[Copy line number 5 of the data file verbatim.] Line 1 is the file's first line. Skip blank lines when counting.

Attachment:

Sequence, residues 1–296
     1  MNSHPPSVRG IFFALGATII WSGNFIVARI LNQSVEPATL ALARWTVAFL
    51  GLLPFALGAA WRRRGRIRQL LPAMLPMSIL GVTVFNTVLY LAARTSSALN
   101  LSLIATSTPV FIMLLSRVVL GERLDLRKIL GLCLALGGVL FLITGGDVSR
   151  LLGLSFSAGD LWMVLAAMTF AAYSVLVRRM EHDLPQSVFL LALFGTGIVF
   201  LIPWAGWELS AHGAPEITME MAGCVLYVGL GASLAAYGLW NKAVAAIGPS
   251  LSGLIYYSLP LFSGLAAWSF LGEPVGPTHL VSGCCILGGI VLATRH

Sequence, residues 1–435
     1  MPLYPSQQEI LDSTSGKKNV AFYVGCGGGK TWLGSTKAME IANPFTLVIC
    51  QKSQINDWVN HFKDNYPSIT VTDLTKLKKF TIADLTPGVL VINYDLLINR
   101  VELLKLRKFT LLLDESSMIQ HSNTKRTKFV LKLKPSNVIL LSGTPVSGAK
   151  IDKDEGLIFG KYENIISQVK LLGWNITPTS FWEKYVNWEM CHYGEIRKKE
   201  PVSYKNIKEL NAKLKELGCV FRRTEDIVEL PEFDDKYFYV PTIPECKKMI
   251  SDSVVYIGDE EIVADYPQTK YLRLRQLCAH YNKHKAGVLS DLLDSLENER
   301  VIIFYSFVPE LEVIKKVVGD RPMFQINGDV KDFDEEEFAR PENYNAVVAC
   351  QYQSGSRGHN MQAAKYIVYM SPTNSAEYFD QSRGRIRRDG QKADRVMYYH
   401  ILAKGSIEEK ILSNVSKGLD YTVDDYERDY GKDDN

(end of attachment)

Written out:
   151  LLGLSFSAGD LWMVLAAMTF AAYSVLVRRM EHDLPQSVFL LALFGTGIVF